$_ = $_ + 0x1
    $_ = $_ -bxor 0x11
    Write-Output $_

# Print encoded shellcode
$printFriendly = ($encodedShellcode | ForEach-Object ToString x2) -join ',0x'
write-host "Encoded shellcode: 0x$printFriendly"

# Print encoded bytes size
write-host "Size: " ('0x{0:x}' -f $shellcode.count)

# Check if encoded shellcode contains null bytes
write-host "Contains NULL-bytes:" $encodedShellcode.contains(0)

If we run the encoder on our shellcode bytes 0x6F,0x72,0x69,0x67,0x69,0x6E,0x61,0x6C,0x20,0x73,0x68,0x65,0x6C,0x6C,0x63,0x6F,0x64,0x65, it will spit out the encoded shellcode bytes (lime) and show if null bytes were found (lime):

Note that it also shows the shellcode size (orange) - we will need it later when writing a decoder, so that we can tell the decoder how many shellcode bytes it should process.


Decoding Scheme

The decoding scheme is the same as the encoding scheme, only in reverse:

...which means that we will have to iterate through all the encoded bytes of the shellcode and transform them into original bytes like this:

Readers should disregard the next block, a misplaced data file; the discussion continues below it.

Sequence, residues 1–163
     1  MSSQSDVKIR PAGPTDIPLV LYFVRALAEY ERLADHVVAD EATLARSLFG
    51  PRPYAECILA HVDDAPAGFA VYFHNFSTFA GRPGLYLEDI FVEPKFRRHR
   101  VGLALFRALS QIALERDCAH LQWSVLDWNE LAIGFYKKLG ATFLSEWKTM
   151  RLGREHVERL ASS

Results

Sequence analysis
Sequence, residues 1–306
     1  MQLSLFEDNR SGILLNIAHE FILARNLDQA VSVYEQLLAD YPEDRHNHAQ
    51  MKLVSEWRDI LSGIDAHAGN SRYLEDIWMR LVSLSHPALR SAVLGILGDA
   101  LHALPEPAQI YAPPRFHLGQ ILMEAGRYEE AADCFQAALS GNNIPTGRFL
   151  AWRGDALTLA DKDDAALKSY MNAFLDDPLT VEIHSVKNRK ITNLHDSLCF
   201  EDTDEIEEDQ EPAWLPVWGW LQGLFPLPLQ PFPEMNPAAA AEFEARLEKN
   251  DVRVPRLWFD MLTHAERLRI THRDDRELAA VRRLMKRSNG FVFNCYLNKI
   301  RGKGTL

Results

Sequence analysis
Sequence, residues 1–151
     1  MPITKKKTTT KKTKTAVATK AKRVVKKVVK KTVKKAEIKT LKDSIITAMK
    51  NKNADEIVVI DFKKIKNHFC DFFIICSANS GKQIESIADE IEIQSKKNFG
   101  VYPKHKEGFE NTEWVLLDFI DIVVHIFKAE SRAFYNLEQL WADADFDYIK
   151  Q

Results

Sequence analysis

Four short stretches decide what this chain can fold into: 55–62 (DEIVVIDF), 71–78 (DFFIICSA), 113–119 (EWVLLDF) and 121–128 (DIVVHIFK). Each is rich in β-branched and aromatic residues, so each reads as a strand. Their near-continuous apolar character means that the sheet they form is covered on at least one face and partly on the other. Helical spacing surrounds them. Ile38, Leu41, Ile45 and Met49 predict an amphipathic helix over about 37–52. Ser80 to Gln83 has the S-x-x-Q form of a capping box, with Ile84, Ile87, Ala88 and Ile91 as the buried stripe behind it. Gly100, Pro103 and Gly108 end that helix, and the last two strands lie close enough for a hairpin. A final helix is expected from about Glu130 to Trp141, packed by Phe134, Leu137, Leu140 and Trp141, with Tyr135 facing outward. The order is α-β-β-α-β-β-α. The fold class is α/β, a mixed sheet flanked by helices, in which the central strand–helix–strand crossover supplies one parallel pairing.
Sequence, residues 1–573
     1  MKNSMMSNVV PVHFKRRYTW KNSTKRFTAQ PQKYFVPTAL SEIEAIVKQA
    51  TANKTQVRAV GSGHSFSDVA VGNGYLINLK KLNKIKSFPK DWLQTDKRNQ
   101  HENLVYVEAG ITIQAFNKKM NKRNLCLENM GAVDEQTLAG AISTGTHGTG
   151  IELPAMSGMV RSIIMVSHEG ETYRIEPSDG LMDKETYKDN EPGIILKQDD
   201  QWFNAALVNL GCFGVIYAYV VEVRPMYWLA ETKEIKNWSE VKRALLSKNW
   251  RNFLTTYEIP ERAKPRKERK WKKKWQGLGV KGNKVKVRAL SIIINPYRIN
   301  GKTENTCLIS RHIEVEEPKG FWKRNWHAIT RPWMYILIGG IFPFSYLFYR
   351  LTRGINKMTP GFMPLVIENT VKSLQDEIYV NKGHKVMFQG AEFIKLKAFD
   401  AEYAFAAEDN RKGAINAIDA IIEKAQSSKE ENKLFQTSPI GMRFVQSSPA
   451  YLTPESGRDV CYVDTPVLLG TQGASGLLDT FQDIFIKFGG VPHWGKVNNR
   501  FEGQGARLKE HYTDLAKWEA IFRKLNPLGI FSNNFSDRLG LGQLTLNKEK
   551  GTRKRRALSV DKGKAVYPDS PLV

1. xor with 0x11

  2. decrement by 0x1 (because we incremented when encoding, we need to decrement now)

  3. xor with 0x55

A fully commented NASM decoder.asm is here:

global _start

section .text
        jmp short shellcode

        pop rax                 ; store encodedShellcode address in rax - this is the address that we will jump to once all the bytes in the encodedShellcode have been decoded

        xor rcx, rcx            ; reset rcx to 0, will use this as a loop counter
        mov rdx, 0x12           ; shellcode size is 18 bytes

        cmp rcx, rdx            ; check if we've iterated and decoded all the encoded bytes
        je encodedShellcode     ; jump to the encodedShellcode, which actually now contains the decoded shellcode